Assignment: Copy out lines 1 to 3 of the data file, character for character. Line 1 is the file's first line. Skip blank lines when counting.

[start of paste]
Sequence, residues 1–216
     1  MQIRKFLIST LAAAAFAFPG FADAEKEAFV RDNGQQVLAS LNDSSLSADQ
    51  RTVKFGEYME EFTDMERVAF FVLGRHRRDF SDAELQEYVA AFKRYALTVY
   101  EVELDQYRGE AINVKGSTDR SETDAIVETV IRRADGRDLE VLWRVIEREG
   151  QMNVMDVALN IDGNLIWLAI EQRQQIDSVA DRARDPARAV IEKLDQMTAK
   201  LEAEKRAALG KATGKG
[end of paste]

Sequence, residues 1–216
     1  MQIRKFLIST LAAAAFAFPG FADAEKEAFV RDNGQQVLAS LNDSSLSADQ
    51  RTVKFGEYME EFTDMERVAF FVLGRHRRDF SDAELQEYVA AFKRYALTVY